The Zika Virus: The No-Hype Information You Need
The Zika virus has recently become a headline in the news as researchers are still learning about the disease and working towards creating a vaccine. Healthcare practitioners have determined that both insect bites and sexual contact can transmit the virus. There are a lot of unknowns surrounding this virus, but we gathered the known information so far to help New England residents stay protected and informed.
Who Is At Risk?
As of now, the greatest risk exists for citizens of Brazil, where more than 1 million cases of the Zika virus have been confirmed. Pregnant women are at the greatest risk, as the Zika virus seems to cause microcephaly — underdevelopment of the brain in newborn babies. Other people who contract the Zika virus usually make a full recovery.
This virus has the potential to turn into a global health crisis, because mosquitoes are biting travelers overseas; the travelers in turn bring the disease home with them before they know they are infected. One such traveler returned home to New England with the first reported case of Zika in Massachusetts. This is no cause for alarm, however. The traveler wasn’t bitten in the United States and is expected to make a full recovery. There are no restrictions for Americans who aren’t pregnant to travel to Brazil.
What Are The Symptoms?
The Zika virus produces slight symptoms including fever, headache, and rash. What makes it so alarming, though, is its apparent connection with the rare birth defect microcephaly. This affects brain development in the womb and can cause seizures, developmental delays, intellectual disability, hearing loss, and other problems as the child develops. One sign of microcephaly is diminished head size.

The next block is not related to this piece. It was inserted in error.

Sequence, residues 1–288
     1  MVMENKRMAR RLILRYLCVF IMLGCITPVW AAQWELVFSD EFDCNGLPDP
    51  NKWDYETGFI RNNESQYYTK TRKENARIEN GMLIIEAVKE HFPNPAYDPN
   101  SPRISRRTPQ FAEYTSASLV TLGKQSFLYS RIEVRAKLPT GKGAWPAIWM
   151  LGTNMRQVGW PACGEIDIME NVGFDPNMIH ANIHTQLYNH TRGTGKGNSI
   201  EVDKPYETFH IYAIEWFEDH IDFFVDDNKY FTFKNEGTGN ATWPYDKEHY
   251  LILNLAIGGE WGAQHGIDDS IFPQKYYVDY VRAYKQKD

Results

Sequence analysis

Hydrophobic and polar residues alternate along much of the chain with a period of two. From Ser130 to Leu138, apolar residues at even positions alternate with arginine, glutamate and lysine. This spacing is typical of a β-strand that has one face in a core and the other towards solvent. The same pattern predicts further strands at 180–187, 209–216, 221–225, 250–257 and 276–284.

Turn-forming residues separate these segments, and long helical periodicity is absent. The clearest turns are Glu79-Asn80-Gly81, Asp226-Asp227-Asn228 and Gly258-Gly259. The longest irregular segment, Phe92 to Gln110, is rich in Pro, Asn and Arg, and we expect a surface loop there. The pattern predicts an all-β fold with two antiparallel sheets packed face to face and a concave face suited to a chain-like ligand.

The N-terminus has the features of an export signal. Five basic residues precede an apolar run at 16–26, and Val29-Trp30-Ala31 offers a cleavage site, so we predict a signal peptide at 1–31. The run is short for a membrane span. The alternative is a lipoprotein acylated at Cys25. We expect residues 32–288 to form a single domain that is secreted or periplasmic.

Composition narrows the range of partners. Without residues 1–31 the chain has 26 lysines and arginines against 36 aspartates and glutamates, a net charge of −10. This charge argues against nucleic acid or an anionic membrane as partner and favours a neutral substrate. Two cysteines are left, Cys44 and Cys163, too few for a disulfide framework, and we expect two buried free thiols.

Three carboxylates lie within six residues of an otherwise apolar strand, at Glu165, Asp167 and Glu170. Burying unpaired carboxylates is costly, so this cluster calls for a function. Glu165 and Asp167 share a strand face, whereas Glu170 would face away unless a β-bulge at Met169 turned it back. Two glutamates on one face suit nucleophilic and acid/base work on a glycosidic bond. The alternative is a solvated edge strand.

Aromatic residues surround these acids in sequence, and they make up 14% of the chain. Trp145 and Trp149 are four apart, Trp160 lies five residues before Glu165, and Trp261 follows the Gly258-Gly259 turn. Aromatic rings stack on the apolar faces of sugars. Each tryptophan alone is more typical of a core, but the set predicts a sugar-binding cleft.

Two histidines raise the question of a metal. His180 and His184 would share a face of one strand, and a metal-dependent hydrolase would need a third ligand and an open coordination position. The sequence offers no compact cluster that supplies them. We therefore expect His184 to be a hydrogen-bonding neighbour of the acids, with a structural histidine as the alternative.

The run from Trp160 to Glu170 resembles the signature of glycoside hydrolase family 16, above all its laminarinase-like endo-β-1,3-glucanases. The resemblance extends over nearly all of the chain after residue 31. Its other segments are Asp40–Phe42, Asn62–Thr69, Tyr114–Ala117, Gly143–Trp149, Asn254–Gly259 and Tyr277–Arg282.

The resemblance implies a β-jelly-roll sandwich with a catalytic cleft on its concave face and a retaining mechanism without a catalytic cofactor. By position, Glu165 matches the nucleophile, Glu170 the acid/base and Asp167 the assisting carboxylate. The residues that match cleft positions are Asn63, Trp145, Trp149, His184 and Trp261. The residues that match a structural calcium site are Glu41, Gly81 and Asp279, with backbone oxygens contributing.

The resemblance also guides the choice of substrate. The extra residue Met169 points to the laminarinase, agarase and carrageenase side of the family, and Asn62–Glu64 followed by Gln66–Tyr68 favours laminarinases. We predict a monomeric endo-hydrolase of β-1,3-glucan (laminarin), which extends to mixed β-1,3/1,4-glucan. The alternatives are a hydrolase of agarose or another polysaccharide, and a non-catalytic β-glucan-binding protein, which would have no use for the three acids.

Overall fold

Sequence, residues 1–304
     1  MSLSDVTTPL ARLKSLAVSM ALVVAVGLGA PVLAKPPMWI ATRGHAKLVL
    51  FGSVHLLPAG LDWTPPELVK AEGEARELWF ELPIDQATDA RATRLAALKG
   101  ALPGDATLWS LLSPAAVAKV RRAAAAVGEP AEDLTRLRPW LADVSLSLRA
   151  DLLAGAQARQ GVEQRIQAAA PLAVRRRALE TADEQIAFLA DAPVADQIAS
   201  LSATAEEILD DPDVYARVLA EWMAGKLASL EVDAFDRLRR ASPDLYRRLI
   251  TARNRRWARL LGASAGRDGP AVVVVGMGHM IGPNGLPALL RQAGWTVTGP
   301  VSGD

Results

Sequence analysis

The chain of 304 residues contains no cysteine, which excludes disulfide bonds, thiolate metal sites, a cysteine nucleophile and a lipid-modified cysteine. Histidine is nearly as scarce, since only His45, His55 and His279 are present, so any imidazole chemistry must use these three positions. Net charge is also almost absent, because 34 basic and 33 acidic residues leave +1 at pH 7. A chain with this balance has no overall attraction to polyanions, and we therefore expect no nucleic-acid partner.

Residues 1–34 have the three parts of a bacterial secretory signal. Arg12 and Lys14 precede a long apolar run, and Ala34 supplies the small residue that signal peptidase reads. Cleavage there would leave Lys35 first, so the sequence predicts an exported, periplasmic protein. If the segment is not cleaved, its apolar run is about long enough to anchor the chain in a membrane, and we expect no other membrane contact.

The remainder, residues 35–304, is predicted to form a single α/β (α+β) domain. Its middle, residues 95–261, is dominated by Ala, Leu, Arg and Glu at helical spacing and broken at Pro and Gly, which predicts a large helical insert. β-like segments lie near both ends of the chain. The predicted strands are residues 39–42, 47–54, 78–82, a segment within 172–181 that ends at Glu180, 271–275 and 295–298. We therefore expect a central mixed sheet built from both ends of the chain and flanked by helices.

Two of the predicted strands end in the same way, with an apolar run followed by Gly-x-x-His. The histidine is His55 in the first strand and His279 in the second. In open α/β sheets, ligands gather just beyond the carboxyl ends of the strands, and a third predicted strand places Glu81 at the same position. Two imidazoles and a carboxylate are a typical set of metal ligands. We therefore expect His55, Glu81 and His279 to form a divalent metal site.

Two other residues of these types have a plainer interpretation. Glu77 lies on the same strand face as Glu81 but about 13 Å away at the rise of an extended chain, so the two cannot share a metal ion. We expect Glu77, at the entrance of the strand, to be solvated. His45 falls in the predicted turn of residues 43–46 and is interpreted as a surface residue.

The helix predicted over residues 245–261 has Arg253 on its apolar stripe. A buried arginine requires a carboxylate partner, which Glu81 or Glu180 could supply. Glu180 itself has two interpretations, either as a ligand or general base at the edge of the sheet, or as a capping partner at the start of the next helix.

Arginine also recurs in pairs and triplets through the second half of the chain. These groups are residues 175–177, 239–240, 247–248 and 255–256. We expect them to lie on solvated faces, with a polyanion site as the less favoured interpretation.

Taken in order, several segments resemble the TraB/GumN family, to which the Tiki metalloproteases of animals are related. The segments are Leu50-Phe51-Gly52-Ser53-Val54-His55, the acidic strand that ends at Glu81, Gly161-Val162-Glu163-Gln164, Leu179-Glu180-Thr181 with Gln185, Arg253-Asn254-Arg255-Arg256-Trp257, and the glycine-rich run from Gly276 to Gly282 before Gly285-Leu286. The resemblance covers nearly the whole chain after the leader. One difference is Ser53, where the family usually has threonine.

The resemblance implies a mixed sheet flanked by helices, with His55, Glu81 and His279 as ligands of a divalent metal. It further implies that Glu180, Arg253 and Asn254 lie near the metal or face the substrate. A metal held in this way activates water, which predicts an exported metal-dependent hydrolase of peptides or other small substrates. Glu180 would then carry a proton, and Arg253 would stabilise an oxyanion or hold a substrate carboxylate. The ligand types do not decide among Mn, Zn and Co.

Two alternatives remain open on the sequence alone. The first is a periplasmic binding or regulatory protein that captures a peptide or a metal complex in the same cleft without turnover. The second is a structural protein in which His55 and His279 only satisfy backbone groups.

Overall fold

How Can I Protect Myself?
Authorities are making aggressive efforts to eliminate mosquito-breeding areas such as containers holding standing water, and scientists are working on ways to reduce or eliminate the mosquitoes, but there are things you can do to decrease your chance of mosquitoes biting you in general. Use repellents containing DEET, wear long sleeves and pants, and enlist a professional pest control company to provide a control service to keep populations out of your yard. You may also want to consider installing mosquito netting around your home as an extra precaution to protect yourself and your family.
Currently, there is no vaccine to prevent Zika, nor is there a medication to treat it once contracted. As a result, it is vitally important to take preventive actions against mosquitoes this spring. Call JP Pest Services for a free consultation and for information regarding our Mosquito-Control Program.
For more information about mosquitoes in general, read this article from our blog!